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Student Loans: To refinance or to not refinance?

Your strategy will depend on if they are federal or private loans and how aggressively you can pay them off.

INDIANAPOLIS — When it comes to student loans, the first thing you want to do is figure out what's private and what's federal.

That's because each type has different things to consider.

Federal loans

If your loans are federal, Cecilia Clark with NerdWallet says don't touch them until the government's pause on payments ends.

"Hold off until February. Right now, your federal student loans, you have no payments on them. So even if you get a lower interest rate than you normally had with your federal student loans, you can't beat zero," Clark said.

Refinancing federal loans could also jeopardize the certain protections in place.

"If you have federal student loans, you can get on an income-driven repayment plan, which will set your payments in accordance to how much money you make, how much expendable income you have. That benefit is typically not available with private lenders," Clark said.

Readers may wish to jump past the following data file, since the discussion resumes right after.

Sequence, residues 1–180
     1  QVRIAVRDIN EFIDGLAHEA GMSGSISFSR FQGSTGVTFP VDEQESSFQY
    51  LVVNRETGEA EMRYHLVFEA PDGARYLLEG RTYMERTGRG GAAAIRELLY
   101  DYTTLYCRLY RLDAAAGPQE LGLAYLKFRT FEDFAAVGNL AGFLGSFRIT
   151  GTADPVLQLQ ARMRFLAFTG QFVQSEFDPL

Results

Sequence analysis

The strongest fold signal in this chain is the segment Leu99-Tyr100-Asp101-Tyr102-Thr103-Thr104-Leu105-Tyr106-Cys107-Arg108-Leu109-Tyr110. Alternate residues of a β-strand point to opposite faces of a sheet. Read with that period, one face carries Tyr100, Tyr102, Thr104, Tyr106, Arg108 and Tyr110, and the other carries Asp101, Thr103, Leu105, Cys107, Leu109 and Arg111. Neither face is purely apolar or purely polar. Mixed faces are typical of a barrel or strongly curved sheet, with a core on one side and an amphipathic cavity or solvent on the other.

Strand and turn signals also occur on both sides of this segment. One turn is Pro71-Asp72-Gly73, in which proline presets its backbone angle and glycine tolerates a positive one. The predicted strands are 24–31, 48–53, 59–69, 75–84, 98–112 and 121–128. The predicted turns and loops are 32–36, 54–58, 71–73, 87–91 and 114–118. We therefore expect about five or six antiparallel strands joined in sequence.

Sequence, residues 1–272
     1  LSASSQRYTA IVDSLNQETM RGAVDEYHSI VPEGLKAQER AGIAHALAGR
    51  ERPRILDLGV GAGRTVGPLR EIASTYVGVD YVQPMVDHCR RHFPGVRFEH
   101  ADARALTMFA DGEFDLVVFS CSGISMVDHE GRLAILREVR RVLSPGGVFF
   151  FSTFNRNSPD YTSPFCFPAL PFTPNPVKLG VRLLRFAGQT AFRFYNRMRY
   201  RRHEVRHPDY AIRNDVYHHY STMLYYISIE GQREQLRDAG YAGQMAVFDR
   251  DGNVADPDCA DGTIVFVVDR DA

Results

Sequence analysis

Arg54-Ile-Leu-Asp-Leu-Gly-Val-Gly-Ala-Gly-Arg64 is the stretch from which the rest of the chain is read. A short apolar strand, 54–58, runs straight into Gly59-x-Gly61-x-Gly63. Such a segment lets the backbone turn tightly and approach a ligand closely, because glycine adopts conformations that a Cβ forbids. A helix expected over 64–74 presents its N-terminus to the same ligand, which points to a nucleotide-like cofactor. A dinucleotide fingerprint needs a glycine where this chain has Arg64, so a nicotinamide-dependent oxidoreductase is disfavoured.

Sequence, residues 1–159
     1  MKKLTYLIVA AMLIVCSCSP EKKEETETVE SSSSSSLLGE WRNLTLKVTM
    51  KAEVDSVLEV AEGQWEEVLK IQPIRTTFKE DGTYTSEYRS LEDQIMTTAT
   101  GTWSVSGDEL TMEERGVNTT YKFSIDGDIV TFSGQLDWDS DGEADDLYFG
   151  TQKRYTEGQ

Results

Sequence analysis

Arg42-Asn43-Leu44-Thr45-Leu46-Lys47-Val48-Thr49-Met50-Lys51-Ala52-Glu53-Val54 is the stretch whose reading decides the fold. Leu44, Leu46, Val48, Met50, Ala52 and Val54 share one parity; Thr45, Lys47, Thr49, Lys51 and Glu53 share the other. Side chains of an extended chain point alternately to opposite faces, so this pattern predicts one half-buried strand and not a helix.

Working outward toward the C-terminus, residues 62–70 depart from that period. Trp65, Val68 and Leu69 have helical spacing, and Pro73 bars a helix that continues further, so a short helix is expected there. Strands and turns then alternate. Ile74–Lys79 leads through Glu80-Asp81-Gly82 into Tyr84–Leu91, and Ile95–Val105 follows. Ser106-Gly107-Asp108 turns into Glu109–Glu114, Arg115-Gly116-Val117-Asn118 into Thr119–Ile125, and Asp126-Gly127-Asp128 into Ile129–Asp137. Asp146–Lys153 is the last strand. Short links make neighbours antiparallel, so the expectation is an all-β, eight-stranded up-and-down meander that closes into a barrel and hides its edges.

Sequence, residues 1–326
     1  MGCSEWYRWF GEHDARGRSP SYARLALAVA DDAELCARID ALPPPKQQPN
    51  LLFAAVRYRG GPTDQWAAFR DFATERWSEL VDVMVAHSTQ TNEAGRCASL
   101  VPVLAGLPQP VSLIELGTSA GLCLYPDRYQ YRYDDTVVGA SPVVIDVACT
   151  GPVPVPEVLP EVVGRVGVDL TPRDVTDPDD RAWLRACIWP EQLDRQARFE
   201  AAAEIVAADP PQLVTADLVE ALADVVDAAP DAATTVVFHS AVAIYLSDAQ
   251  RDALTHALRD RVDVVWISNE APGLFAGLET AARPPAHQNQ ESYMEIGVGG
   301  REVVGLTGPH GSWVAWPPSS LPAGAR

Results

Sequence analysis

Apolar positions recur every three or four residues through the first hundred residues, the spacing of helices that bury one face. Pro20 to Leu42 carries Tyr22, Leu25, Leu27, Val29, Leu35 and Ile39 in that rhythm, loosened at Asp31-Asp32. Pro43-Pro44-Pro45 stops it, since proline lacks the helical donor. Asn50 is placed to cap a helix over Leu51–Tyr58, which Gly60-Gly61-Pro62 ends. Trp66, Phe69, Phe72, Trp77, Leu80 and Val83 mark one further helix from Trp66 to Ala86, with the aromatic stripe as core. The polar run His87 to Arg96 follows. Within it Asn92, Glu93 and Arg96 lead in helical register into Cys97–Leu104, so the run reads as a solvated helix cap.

Private loans

As for private loans, Clark said now is a good time to refinance.

Unlike refinancing a home, there are no pricey closing costs associated with student loan refinancing — it's just credit hits that come with any loan inquiry.

"If you are in a good financial position and you want to lower your student loan bill, pay your student loans off faster, or improve your debt-to-income ratio, then refinancing could be a good option for you," Clark said.

Clark adds that your credit score should be at least in the high 600s, ideally higher.

Also, shop around for the lowest interest rate. The goal of refinancing is to save money on interest. Here is NerdWallet's calculator.

Fixed vs. variable rate

If you decide to refinance your private loans, you will be offered a fixed interest rate and a variable rate.

But which one do you pick?

"It's really dependent on what your goals are, what your risk tolerances are, how flexible your finances are and how soon you plan on tackling that debt," Clark said.

If it's going to take you 10 to 15 years to pay it all back, fixed is likely better because your payments won't change.

But if you can pay them off aggressively in a year or two, a variable rate might save you more money because it's usually a lower rate. Just remember, it can go up based on market factors.

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